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4/13/2018 G. R. No.

163653

EN BANC

COMMISSIONER OF G. R. No. 163653


INTERNAL REVENUE,
Petitioner,

-versus-

FILINVEST DEVELOPMENT
CORPORATION,
Respondent.

x-------------------------------------x G. R. No. 167689

COMMISSIONER OF Present:
INTERNAL REVENUE,
Petitioner, CORONA, C.J.,
CARPIO,
VELASCO, JR.,
LEONARDO-DE CASTRO,
BRION,
-versus- PERALTA,
BERSAMIN,
DEL CASTILLO,
ABAD,
FILINVEST DEVELOPMENT VILLARAMA, JR.,
CORPORATION, PEREZ,
Respondent. MENDOZA, and
SERENO,* JJ.

Promulgated:

July 19, 2011


x----------------------------------------------------------------------------------------------- x

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DECISION

PEREZ, J.:

Assailed in these twin petitions for review on certiorari filed pursuant to Rule 45 of the 1997
Rules of Civil Procedure are the decisions rendered by the Court of Appeals (CA) in the following
cases: (a) Decision dated 16 December 2003 of the then Special Fifth Division in CA-G.R. SP No.
[1]
72992; and, (b) Decision dated 26 January 2005 of the then Fourteenth Division in CA-G.R. SP
[2]
No. 74510.

The Facts

The owner of 80% of the outstanding shares of respondent Filinvest Alabang, Inc. (FAI), respondent
Filinvest Development Corporation (FDC) is a holding company which also owned 67.42% of the
outstanding shares of Filinvest Land, Inc. (FLI). On 29 November 1996, FDC and FAI entered into a
Deed of Exchange with FLI whereby the former both transferred in favor of the latter parcels of land
appraised at P4,306,777,000.00. In exchange for said parcels which were intended to facilitate
development of medium-rise residential and commercial buildings, 463,094,301 shares of stock of
[3]
FLI were issued to FDC and FAI. As a result of the exchange, FLIs ownership structure was
changed to the extent reflected in the following tabular prcis, viz.:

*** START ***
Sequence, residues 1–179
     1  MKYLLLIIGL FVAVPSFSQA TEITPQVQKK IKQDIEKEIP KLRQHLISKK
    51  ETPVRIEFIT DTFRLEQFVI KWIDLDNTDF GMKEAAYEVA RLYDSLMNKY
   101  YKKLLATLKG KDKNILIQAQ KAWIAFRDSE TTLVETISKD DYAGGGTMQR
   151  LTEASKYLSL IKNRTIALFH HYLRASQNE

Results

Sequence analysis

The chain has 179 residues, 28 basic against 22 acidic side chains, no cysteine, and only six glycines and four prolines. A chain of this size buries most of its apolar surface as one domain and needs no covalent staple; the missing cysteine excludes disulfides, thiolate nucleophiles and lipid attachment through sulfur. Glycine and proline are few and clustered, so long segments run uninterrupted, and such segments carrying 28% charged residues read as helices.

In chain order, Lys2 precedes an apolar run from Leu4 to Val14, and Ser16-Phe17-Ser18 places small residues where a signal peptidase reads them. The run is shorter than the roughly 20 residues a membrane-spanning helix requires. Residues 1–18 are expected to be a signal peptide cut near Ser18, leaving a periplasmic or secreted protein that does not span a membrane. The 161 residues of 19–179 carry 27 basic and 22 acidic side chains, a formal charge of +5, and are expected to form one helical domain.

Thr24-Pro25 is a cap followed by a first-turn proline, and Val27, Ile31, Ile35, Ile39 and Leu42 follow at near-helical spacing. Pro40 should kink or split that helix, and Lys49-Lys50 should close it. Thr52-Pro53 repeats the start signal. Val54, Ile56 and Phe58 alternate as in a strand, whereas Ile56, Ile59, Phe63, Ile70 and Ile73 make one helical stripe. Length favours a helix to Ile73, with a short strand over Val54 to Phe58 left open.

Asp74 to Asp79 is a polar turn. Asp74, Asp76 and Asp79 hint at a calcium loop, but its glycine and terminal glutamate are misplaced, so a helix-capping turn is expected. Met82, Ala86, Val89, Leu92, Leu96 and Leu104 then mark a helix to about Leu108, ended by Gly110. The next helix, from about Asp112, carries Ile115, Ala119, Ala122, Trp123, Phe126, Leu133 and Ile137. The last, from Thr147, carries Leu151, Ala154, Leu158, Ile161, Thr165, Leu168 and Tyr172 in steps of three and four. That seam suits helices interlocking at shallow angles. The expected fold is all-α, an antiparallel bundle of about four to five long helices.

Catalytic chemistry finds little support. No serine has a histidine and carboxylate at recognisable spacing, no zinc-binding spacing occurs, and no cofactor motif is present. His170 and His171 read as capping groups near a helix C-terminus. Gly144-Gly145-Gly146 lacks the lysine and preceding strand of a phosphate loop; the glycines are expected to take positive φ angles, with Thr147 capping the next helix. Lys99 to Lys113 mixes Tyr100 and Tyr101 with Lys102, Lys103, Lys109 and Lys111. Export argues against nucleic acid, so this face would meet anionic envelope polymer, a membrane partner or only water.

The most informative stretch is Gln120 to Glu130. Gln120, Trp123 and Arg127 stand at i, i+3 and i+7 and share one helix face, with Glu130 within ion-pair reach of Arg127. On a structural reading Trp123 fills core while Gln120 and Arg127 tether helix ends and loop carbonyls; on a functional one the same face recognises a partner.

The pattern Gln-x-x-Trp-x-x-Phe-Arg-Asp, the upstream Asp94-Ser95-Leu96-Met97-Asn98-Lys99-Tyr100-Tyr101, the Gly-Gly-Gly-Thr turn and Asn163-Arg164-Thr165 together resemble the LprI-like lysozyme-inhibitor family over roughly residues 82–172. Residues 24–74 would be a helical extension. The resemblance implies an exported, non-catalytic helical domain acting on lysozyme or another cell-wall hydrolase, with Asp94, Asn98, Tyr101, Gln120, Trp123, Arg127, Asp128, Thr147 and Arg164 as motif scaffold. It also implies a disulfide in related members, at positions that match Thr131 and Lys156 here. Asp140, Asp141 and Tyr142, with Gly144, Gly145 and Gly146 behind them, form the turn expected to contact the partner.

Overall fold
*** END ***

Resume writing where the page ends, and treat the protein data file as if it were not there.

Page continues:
Stockholder Number and Percentage of Number of Number and Percentage of


Shares Held Prior to the Additional Shares Held After the
Exchange Shares Issued Exchange

FDC 2,537,358,000 67.42% 42,217,000 2,579,575,000 61.03%

FAI 00 420,877,000 420,877,000 9.96%

OTHERS 1,226,177,000 32.58% 0 1,226,177,000 29.01%

----------------- ----------- -------------- ---------------

3,763,535,000 100% 463,094,301 4,226,629,000 (100%)

On 13 January 1997, FLI requested a ruling from the Bureau of Internal Revenue (BIR) to the effect
that no gain or loss should be recognized in the aforesaid transfer of real properties. Acting on the
request, the BIR issued Ruling No. S-34-046-97 dated 3 February 1997, finding that the exchange is
among those contemplated under Section 34 (c) (2) of the old National Internal Revenue Code
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[4]
(NIRC) which provides that (n)o gain or loss shall be recognized if property is transferred to a
corporation by a person in exchange for a stock in such corporation of which as a result of such
exchange said person, alone or together with others, not exceeding four (4) persons, gains control of
[5]
said corporation." With the BIRs reiteration of the foregoing ruling upon the 10 February 1997
[6]
request for clarification filed by FLI, the latter, together with FDC and FAI, complied with all the
[7]
requirements imposed in the ruling.

On various dates during the years 1996 and 1997, in the meantime, FDC also extended advances in
favor of its affiliates, namely, FAI, FLI, Davao Sugar Central Corporation (DSCC) and Filinvest
[8]
Capital, Inc. (FCI). Duly evidenced by instructional letters as well as cash and journal vouchers,
[9] [10]
said cash advances amounted to P2,557,213,942.60 in 1996 and P3,360,889,677.48 in 1997.
On 15 November 1996, FDC also entered into a Shareholders Agreement with Reco Herrera PTE Ltd.
(RHPL) for the formation of a Singapore-based joint venture company called Filinvest Asia
Corporation (FAC), tasked to develop and manage FDCs 50% ownership of its PBCom Office Tower
Project (the Project). With their equity participation in FAC respectively pegged at 60% and 40% in
the Shareholders Agreement, FDC subscribed to P500.7 million worth of shares in said joint venture
company to RHPLs subscription worth P433.8 million. Having paid its subscription by executing a
Deed of Assignment transferring to FAC a portion of its rights and interest in the Project worth
P500.7 million, FDC eventually reported a net loss of P190,695,061.00 in its Annual Income Tax
[11]